Review: Top Story at the Old Vic Tunnels
Review: No Quarter at the Royal Court

Six things that get me to the theatre

Jd3Lyn Gardner wrote a piece on her blog this week about what makes people choose certain plays over others naturally she talked about popular actors, directors and writers, particular theatres and even favourite type of interval ice cream.

Now interval snacks are never going to be a selling point for me but even having seen more than 100 plays in the last 12 months there are still plenty that I miss, usually for reasons of time and funds (I've been lambasted on Twitter for not having seen The Kitchen Sink). London just has so much to choose from and that's before you cast your net further afield to the superb array of regional theatres and the RSC in Stratford.

Anyway, it got me thinking about how I choose what to see and while I concur with many of Lyn Gardner's suggestions (see my examples below) there are some USP's she doesn't include:


It's an obvious one but we all have our favourites - an ever growing list in my case. Names that will

have me reaching for the credit card naturally include Ben Whishaw (pictured above as Hamlet) but also and not exclusively Benedict Cumberbatch, Simon Russell Beale, Fiona Shaw, Rory Kinnear, Helen McCrory, Andrew Scott, Mark Gatiss (mentioned as a bankable theatre star in Gardner's piece), John Heffernan, Julie Walters, Luke Treadaway, Harry Melling, Lydia Wilson, Jack Gordon, Colin Morgan, Pippa Nixon, Ruth Negga, Al Weaver...


I'm attracted to different director's for different reasons. Michael Grandage always feels like a safe pair of hands, Rupert Goold has a very fresh, modern and visual style and someone like Katie Mitchell I have a love/hate relationship with, when she is on point her work can take your breath away. Declan Donnelly's Cheek By Jowel is also a draw for the interesting spin they put on classics.

But equally I'll often head for a director who's last play I loved for example Marianne Elliot who directed my favourite play of 2012: The Curious Incident of the Dog in the Night-time.


I was one of those that took great pains to secure a ticket to Jez Butterworth's new play, The River, at the Royal Court upstairs last year having been blown away by Jerusalem and I'll do the same again when he graces us with new work. Other current playwrights include Lucy Prebble, John Logan and Mike Bartlett whom I have a Katie Mitchell style relationship with having loved Cock but hated Earthquakes in London.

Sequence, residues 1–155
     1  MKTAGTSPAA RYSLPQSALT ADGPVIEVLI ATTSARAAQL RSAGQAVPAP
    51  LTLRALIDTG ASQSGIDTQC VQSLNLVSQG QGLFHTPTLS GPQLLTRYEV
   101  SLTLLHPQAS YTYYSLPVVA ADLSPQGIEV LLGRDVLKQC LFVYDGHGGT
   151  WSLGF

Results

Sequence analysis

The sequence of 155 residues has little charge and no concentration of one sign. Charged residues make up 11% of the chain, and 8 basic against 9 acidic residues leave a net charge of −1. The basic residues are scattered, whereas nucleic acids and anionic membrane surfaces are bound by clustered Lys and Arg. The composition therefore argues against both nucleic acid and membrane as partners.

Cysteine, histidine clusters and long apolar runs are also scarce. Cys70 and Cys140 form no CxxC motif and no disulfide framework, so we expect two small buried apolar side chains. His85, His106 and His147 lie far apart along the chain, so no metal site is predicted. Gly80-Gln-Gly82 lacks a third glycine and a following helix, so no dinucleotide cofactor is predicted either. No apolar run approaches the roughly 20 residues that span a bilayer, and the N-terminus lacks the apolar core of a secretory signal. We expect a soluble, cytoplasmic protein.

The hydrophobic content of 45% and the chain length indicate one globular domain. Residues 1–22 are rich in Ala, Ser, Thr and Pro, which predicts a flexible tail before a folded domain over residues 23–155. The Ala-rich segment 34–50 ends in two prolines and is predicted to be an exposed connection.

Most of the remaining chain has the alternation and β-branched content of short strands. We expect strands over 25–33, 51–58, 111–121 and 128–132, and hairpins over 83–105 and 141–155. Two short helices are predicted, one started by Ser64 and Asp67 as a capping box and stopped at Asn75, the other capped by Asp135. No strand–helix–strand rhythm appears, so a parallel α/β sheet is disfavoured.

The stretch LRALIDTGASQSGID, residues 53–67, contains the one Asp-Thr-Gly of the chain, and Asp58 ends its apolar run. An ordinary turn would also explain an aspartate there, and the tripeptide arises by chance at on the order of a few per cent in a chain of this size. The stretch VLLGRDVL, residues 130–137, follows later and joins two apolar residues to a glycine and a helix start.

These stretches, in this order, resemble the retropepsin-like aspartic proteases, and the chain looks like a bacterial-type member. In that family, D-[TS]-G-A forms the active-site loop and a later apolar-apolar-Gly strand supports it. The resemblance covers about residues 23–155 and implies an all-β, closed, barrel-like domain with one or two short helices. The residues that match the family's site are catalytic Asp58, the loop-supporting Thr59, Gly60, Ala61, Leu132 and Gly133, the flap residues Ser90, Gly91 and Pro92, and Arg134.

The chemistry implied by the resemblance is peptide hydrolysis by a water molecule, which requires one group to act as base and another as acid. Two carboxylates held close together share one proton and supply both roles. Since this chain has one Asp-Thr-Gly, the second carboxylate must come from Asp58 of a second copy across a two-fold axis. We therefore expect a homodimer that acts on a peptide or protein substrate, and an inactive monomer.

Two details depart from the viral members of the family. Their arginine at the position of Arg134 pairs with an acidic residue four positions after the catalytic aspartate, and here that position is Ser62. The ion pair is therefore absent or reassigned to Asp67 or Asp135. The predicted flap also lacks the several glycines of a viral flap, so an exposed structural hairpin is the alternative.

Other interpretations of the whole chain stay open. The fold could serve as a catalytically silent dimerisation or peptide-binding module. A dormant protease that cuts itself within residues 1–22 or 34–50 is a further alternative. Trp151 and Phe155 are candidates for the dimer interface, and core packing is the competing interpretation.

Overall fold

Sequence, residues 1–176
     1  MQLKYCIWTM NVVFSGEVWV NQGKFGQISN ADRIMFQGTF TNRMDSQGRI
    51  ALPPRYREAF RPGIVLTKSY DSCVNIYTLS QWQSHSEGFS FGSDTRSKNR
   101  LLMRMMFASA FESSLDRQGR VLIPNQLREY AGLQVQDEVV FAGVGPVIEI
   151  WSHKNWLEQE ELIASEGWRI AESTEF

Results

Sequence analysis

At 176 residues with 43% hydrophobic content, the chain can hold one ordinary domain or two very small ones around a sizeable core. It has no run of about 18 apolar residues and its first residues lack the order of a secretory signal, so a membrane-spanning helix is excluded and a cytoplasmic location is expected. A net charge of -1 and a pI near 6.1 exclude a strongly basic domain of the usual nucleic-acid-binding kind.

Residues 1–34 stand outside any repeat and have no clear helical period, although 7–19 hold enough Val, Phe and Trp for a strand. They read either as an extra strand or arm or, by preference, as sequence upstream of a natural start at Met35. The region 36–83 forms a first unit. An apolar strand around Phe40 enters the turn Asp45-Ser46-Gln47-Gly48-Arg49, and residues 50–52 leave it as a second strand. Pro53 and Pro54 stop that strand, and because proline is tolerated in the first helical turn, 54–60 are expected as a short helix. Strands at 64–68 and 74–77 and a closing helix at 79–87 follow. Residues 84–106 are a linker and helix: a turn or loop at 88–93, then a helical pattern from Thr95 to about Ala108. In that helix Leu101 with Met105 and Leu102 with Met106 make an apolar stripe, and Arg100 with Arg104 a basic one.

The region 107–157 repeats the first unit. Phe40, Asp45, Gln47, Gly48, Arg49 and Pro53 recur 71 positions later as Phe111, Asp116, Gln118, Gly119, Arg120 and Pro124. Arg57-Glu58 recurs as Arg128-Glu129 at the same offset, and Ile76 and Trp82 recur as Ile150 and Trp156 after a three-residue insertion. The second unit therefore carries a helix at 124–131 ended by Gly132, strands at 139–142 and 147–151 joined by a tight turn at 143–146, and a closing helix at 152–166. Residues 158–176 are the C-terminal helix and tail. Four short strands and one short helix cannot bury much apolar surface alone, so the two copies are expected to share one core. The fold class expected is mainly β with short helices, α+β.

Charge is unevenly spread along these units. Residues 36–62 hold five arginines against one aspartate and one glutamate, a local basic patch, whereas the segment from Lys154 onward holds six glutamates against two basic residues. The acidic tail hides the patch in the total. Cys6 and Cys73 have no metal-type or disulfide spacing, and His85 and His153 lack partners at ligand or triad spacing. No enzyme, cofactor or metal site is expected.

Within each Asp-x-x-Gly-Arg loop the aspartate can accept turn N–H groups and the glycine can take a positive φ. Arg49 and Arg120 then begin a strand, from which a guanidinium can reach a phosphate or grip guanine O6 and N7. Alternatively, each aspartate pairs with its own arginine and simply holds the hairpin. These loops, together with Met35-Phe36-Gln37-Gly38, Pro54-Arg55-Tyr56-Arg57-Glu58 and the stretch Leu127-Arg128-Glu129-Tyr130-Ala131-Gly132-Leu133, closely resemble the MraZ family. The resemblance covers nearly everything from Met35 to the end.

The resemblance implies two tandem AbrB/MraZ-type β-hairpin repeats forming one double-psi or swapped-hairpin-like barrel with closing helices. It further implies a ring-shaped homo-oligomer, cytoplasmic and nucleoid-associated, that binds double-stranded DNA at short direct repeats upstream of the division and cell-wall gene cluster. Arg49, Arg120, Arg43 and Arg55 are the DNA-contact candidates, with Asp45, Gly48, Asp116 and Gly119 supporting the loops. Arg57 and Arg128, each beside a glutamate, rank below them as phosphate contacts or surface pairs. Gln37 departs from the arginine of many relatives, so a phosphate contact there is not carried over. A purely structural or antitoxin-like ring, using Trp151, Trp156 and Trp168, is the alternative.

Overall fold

Shakespeare and the Jacobean playwrights are a big draw and I've also got a soft spot for Noel Coward, George Bernard Shaw and Oscar Wilde.

Plays I will always go and see are generally from the classics: Hamlet, Richard II, Richard III, The Tempest, The Seagull, A Doll's House and I would run to a production of Waiting For Godot.


I see everything that isn't a musical at the Donmar. Not everything is brilliant but enough is to warrant the loyalty. I'll also see as much as I can at the Royal Court and the National Theatre. Geography plays its part so the Southwark Playhouse is a regular haunt but I'll be doubling my efforts to see what is on at the Finborough, Gate and Bush in West London as well as the Arcola and Almeida in the North.


It is a major decider in choice. I don't like sitting a long way from the stage so if I'm going to pay upwards of £60 to see something in the West End it is going to be something I am dying to see. Theatres like the Royal Court, National and Donmar get a lot of my custom because they either have cheap ticket days (£10 Mondays) or sponsored seasons (£12 Travelex) or cheap preview tickets. The Southwark Playhouse has a very cheap subscription service where you pay something like £35 which entitles you to see any five shows over any period.

There are also the theatre clubs, which are extremely useful in allowing you to be more experimental both in choice of play and venue as the ticket prices are so low. If you hate a show you don't feel guilty for leaving at the interval.


Aside from everything mentioned above there is the story, the heart of why I go. If it sounds interesting or different then I'll give it a go.  If the synopsis mentions the environment then I'll probably give it a miss as I've seen too many preachy green plays or plays where the playwright has felt compelled to shoehorn in a green issue.

The play synopsis is the equivalent to the film trailer for me. I don't read reviews before I decide (I try and go in preview so as to avoid them and get the cheaper tickets) so the synopsis is the make or break. If I read it and it conjures up an image of a play or style of play I dislike then I'll probably give it a wide birth.

I haven't yet decided to see a play based on a trailer which are becoming all the rage but that's a whole different post I've been planning to write for a while.